The Cambridge-Sarasota Connection
GUEST COLUMN BY DR. LARRY R. THOMPSON
July 9, 2018
REPOSTED FROM SRQ DAILY SATURDAY PERSPECTIVES
While the summer season slows down here in Sarasota, our Ringling College of Art and Design campus continues to teem with activity through our PreCollege Program for those 16 and older, Teen Studios for those younger and for older adults Lifelong Learning. Yet, it allows time for our hard-working faculty to take a break from the harried academic year and our dedicated staff time for vacation. For some, it also grants us the opportunity to dig deeper and learn about who we wish to be as leaders in higher education, and time to learn the latest developments in our profession.
That’s the reason three of us at Ringling College went to Harvard University in Cambridge, Massachusetts.
This past month, I had the good fortune to attend Harvard Seminar for Advancement Leadership as part of Harvard School of Graduate Education. Attending with me was my dynamic Vice President for Advancement, Stacey Corley. With us were about 60 select Presidents and Vice Presidents of Advancement from colleges throughout the country and around the world seeking to learn more about raising money to support their respective institutions of higher education and their students.
During our time at Harvard, Stacey and I were able to visit our colleague, Jeff Schwartz, associate vice president for Academic Affairs and Dean of Undergraduate Studies at Ringling College. He was attending the two-week Management and Leadership in Education program at the Harvard School of Graduate Education. How did Mr. Schwartz get there? Dr. Peter McAllister, our VP for Academic Affairs, and myself nominated Jeff for this opportunity because he wanted to learn more and further advance his own academic administrative leadership skills. Peter and I recognized that by Jeff spending two weeks at Harvard mixing with similar academic leaders from institutions in various sectors, and being taught by the best faculty in higher education, only raises the knowledge bar for Jeff and for Ringling College as well. The ultimate benefit is beyond great—to the students, faculty, staff, trustees and the entire community.
As our friends at Harvard say, they are, “devoted to excellence in teaching, learning, and research, and to developing leaders in many disciplines who make a difference globally.”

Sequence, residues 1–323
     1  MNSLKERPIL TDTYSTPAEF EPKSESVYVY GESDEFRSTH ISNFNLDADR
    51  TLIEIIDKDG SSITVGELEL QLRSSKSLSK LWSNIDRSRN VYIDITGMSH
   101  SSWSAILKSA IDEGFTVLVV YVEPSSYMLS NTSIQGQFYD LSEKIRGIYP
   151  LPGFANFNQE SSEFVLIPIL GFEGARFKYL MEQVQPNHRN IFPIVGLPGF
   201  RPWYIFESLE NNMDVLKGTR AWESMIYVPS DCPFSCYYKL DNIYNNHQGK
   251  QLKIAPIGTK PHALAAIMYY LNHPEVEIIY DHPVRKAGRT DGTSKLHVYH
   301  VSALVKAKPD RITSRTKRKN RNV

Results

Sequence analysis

Ringling College may not be Harvard, but we at this institution are dedicated to excellence by offering the highest caliber art and design education in the world, and to fostering the creative leaders of tomorrow. Yes, our exact aim and expertise may differ a bit, but our alliance in inspiring the best of the best in education is completely in tune with one another.
As an aside, we have had a strong connection with Harvard as a result of the Harvard Club’s esteemed alumni and those of other Ivy League clubs in Sarasota who have been welcomed to our campus. We at Ringling enjoy returning the favor by helping to teach them a bit about art and design higher education and the greatness of Ringling College here in our town, and we are very grateful for their interest in and support of this institution.
As for my continued learning, you might ask why I should go to a seminar at Harvard when I’ve just begun my 20th year leading Ringling College. Because knowledge is power. And I remain completely open and humble enough to know I need to continue to learn more to not only be better at my job but to also be better at life. This openness speaks loudly and clearly to one of our main missions at the College…Lifelong Learning.
About two years ago, the Lifelong Learning Academy became part of Ringling College and its School of Continuing Studies. Recently, because of a grant from the Osher Foundation, the Academy changed its name to the Osher Lifelong Learning Institute at Ringling College. The Institute is all about continuing the process of learning and stimulating your mind, no matter one’s age or expertise. As a result, our Lifelong Learning programming includes workshops, courses, lectures, film discussions, global travel and off-site services throughout our region.
The benefits of lifelong learning are overwhelming. Research demonstrates that lifelong learners, including people like me, Stacey and Jeff and our students in the Osher Lifelong Learning Institute, improve cognitive abilities, become more active, realize a sense of purpose, connect more with the community, and experience reduced anxiety and depression. Amen to that.
When I asked Jeff Schwartz to describe his Harvard Institute experience in three words, he had this to say: “Engaging, challenging, transformative.”
May we offer the same experience for all within our community, as it is my great hope as president of Ringling College that both our youth and our elders will be engaged, challenged, and transformed.
Let me end by saying, it’s amazing how this relatively “old dog” can really learn new tricks. And I am beyond grateful for each and every lesson that comes my way.
Dr. Larry Thompson is president of Ringling College of Art and Design.